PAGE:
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Five Names to Listen for at the EU-China Summit

EU Should Call for Release of Activists Unjustly Imprisoned

Federica Mogherini (L), High Representative of the European Union for Foreign Affairs, and China's State Councilor Yang Jiechi attend a joint news conference at Diaoyutai State Guesthouse in Beijing, China April 19, 2017. © 2017 Reuters

Torture, wrongful imprisonment, restrictions on everything from peaceful expression, to religious practice, to the number of children you can have: these are some of the most persistent human rights abuses in China today. Under President Xi Jinping, whose senior officials arrive in Brussels this week for the European Union-China Summit, courageous human rights defenders, lawyers and academics in China have sustained an extraordinary body blow.

The Chinese government’s treatment of five people is emblematic of all that is wrong in China today:

Scholar and 2010 Nobel Peace Prize winner Liu Xiaobo is serving an 11-year sentence for “inciting subversion” in response to his calls for democratic reform.

Ethnic Uighur economist Ilham Tohti is serving a life sentence for having urged dialogue between different ethnic groups, particularly in the predominantly Muslim area of Xinjiang.

Tibetan language rights advocate 
Tashi Wangchuk awaits trial for telling his story to the New York Times.

Lawyer Wang Quanzhang, detained since July 2015, is facing subversion charges for his work defending in court members of religious minorities.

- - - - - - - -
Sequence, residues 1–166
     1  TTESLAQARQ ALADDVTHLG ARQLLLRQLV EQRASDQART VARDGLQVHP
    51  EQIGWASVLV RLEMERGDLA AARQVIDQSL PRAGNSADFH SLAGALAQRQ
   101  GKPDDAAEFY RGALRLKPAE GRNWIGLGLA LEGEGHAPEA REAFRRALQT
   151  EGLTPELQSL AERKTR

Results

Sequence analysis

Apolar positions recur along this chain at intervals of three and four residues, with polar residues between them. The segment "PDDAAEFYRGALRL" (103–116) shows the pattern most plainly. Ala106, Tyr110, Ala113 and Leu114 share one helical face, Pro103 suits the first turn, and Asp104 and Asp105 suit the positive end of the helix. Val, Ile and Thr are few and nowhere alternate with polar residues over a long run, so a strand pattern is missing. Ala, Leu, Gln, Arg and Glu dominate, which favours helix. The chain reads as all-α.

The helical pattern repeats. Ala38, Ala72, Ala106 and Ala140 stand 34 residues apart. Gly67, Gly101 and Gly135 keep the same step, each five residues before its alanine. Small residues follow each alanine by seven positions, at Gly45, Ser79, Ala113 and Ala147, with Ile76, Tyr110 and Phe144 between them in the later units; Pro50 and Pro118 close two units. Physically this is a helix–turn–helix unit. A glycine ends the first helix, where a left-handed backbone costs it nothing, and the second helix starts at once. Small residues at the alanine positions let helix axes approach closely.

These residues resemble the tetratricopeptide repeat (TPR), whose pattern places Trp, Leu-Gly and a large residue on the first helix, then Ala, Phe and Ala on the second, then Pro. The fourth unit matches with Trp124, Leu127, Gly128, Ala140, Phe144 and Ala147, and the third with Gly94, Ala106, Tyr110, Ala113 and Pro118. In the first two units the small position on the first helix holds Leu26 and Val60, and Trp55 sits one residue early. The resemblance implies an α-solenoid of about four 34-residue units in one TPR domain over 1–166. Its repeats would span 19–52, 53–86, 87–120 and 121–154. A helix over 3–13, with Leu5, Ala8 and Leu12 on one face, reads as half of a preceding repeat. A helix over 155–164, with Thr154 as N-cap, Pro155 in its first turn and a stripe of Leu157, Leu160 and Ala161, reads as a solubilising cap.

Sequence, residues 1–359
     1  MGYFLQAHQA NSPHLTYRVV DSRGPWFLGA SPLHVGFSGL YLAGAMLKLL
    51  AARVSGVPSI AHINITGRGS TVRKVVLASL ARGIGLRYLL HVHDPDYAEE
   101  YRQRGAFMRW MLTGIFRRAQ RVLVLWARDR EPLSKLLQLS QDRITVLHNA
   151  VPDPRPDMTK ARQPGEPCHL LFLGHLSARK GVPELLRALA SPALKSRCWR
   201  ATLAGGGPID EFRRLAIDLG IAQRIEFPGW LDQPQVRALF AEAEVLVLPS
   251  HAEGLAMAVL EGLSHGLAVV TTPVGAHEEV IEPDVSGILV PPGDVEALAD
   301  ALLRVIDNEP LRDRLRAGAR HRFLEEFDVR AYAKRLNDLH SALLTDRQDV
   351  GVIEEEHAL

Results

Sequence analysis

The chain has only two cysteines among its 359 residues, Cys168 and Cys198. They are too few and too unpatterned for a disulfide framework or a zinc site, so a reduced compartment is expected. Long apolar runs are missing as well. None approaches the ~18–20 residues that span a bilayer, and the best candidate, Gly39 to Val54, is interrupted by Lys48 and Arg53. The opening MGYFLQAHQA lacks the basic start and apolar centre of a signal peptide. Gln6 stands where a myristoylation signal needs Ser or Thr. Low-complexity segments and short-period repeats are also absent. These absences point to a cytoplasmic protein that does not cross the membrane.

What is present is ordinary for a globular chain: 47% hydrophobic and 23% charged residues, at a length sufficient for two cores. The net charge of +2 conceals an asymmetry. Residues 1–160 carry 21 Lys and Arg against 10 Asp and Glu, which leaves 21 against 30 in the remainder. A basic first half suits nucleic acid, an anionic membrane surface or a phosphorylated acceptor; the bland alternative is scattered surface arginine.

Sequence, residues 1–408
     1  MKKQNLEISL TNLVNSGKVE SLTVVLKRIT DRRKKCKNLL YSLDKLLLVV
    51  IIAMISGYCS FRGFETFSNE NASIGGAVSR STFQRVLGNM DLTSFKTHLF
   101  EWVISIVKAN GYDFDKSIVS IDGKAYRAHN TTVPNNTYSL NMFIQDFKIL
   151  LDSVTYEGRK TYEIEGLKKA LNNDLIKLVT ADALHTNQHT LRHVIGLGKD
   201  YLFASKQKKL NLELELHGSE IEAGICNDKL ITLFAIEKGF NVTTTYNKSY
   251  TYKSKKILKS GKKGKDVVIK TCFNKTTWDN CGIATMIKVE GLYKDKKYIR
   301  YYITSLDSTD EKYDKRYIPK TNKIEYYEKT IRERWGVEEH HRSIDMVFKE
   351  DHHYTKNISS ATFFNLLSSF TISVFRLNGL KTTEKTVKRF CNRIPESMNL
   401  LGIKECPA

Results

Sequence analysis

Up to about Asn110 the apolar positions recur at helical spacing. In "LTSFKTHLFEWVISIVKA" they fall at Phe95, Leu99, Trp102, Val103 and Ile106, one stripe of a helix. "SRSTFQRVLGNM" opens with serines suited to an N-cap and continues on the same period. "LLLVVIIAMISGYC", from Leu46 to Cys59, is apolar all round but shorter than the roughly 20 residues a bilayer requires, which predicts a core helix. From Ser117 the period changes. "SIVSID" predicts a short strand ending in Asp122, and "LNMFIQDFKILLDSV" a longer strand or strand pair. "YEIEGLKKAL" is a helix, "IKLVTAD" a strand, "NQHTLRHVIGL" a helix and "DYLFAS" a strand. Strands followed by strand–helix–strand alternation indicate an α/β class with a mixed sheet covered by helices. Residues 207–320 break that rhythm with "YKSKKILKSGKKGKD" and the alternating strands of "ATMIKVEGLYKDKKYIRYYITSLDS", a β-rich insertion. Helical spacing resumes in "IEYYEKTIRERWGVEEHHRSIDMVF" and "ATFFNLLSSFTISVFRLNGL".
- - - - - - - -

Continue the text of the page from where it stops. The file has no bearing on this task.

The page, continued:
Women’s rights activist Su Changlan was convicted on subversion charges in retaliation for her work defending victims of domestic violence.

The EU has pledged to “throw its full weight behind advocates of liberty, democracy and human rights” and to “raise human rights issues” including “at the highest level.” If that’s the case, the summit is an ideal opportunity for the EU’s highest officials to explicitly call for these people’s release. After all, the EU’s human rights pledges will only be meaningful if applied in real situations, with determination and conviction.

The EU has acknowledged that human rights improvements in China are key to the future of their bilateral relationship, and calling for the freedom of those unjustly imprisoned is an obvious place to start. That the summit falls just ahead of the anniversary of the 1989 Tiananmen Massacre – an event that galvanized China’s contemporary human rights community – places a responsibility on EU leaders to call for accountability from Beijing. The EU should demonstrate the strength and solidarity that won it the 2012 Nobel Peace Prize by insisting on the release of the 2010 winner – and all others unjustly imprisoned by Beijing.

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